Previously, I discussed setting up a site-to-site VPN, deploying a DIY NAS and equipping my dad with the tools to login and access my lab remotely from afar.
After doing some testing, and determining that absolutely nothing I deployed was going to work, I had to make some changes to my plan.
After reviewing how the DIY TrueNAS setup performed, I quickly realized this wasn't going to work for a number of reasons:
1: The "NAS" was a bit hodge-podged together, using spare parts I had (2TB constellation drives leftover from the old lab, a PERC H710 I flashed to IT mode, and my dad's old desktop PC). My dog kept bashing into the side of it, causing drive(s) to fail as there wasn't really a good location to store it other than on the floor.
2: There isn't an on-site AD domain controller available, which makes LDAP/AD authentication a nightmare. This isn't necessarily a bad thing, I don't really like the idea of managing a 3rd DC, not to mention it's not necessary with the site-to-site VPN being available.
3: His login is AzureAD only, which prohibits him from authenticating against local AD/LDAP. This was a major issue I ran into, I couldn't setup SMB shares to authenticate against because he wasn't in the AD DC to begin with.
I decided to revamp the whole shebang to remediate all of the above issues.
After discussing his needs in terms of storage and capability, I was able to narrow things down to a few requirements:
A) 4TB minimum of storage.
B) It needs to be simple to manage, fix, and reboot. He's not an IT professional, he's an IT enthusiast. I can't expect him to be able to troubleshoot anything in the event anything doesn't work.
C) It needs to be low-power, and able to be tucked away out of sight.
(Small, Quiet, etc.)
Introducing, the Synology DS220j
After discussing some options, QNAP, ASUSTOR, etc. I personally recommended what I use in my lab to him: a Synology DiskStation.
He expressed that he didn't want any of the fancy features that are included with the "+" models, like Docker container support, Plex transcoding, etc.
Ideally, he wanted networkable storage, perhaps a Plex server for music, and perhaps consider some of the other Synology provided packages.
The perfect candidate was the Synology DS220j, at $189.99 we considered this to be a very affordable price-point for what he was after.
I was able to find him some 4TB WD RE's for $47.95/drive on Amazon, they're pretty good for refurbished drives, and are designed to run 24/7 in a NAS.
It's pretty small, at the size of a toaster, and pretty lightweight in terms of power consumption and noise.
I also took the time to join the NAS to my local AD infrastructure over the IPSec VPN we setup a while back.
This allows for authenticating against AD/LDAP without actually hosting a DC onsite. This assists with keeping maintenance to a minimum. All I have to do is login maybe once or twice a month to update DSM, Plex, and whatever else is installed.
But what about the account issues?
Hold your horses, we're getting there.
After reviewing the information I used to convert my personal account from an AzureAD-only account, I was able to use the following technique convert his account to a "HybridAD account":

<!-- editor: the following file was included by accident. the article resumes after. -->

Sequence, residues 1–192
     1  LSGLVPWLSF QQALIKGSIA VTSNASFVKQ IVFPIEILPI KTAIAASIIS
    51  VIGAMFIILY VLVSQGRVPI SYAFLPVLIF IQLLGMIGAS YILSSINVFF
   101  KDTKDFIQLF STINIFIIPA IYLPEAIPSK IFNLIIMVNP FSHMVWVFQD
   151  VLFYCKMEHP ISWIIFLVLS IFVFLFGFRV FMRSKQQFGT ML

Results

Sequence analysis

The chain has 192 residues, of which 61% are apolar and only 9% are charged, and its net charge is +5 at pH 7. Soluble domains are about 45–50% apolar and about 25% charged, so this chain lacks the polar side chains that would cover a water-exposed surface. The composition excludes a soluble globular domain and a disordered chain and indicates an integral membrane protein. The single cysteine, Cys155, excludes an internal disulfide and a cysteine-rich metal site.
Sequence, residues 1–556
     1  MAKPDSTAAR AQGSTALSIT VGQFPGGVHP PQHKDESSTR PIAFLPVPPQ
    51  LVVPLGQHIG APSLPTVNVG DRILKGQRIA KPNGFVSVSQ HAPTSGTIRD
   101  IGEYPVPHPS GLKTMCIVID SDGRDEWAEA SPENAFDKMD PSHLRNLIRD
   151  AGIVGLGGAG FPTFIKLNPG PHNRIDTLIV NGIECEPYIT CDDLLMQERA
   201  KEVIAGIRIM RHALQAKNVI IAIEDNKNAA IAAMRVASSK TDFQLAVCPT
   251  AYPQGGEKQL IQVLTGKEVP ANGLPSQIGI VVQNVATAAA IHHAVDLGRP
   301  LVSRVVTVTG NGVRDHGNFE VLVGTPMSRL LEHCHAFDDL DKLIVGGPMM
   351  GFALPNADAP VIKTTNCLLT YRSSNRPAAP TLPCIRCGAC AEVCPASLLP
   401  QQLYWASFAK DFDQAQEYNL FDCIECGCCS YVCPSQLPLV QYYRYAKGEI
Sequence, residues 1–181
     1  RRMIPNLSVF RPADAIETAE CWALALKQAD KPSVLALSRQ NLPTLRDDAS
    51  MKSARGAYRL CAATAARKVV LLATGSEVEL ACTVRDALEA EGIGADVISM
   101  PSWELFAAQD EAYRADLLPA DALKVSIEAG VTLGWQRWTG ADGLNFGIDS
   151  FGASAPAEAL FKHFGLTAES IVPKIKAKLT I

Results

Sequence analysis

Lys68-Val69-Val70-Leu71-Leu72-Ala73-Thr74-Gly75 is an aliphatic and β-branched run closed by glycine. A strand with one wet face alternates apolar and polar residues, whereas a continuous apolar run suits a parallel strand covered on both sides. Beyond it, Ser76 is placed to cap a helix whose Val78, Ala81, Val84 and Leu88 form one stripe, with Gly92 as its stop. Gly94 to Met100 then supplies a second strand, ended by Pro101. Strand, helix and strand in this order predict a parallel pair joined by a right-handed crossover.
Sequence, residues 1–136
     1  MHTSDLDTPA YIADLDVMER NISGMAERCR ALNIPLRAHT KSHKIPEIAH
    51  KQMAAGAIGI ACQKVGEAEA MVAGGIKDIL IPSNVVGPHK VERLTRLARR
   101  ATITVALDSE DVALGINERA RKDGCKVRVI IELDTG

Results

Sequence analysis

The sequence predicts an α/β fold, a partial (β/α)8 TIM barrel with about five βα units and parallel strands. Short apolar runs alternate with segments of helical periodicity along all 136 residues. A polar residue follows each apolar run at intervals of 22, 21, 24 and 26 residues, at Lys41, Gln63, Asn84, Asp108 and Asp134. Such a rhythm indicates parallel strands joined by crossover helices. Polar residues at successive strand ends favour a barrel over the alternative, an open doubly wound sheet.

A) Create a user in AD matching his username.
B) Add an attribute that binds the AD user to the AzureAD user. (email address)
C) Setup the "proxyAddresses" attribute in AD to match the AzureAD attribute (email address again)
D) Perform a force-sync within AzureAD Sync, and the user should switch from AzureAD to Hybrid in the O365 GUI and be able to authenticate against LDAP. (This may take a few minutes to show up)
The user's device can remain AzureAD joined, and should be able to authenticate against LDAP/AD if the AD sync is setup properly.
This is gone over in great detail in an article I found while researching this again recently, It's hard to describe processes without looking them up sometimes.
After making these changes, he was able to access SMB shares located on the Synology NAS without any issue, as well as now authenticate into any permitted services operating within "HQ" back in STL.
But wait, there's more!
I need a way to remotely manage machines now that they're on my domain, that's like Sysadmin 101.
If you're not familiar with the concept of an MDM, I'll give a crash-course real quick:
Essentially, an MDM (Mobile Device Management) platform is a piece of software designed to manage a fleet of devices. i.e. servers, desktops, laptops, phones, tablets, etc.
MDMs allow an admin to view statistics, remotely manage, and assist users with their machines. Think of it as a second set of hands, if you can't be at an office, the software does the legwork and digitally allows you to assist a user.
I previously used Cisco Meraki as my MDM, but over the years there hasn't been much in terms of improvement on their remote access software. It works, but it has it's flaws, like high latency, pixelating, and random disconnects.
I deployed the MDM on all of my Windows based machines for now (they're working on Linux support soon!) and use it to monitor and assist when needed.
Also, I setup various checks to run daily, including checking for update status, drive status, and various other housekeeping tasks. It auto-alerts me when devices fall out of compliance so that I can take action whenever necessary.
That's it from me for now, I hope you didn't miss me too much, I love writing these articles, but sometimes I just get a little too caught up in life to write them, so sorry if I kept you all hanging!
Until next time!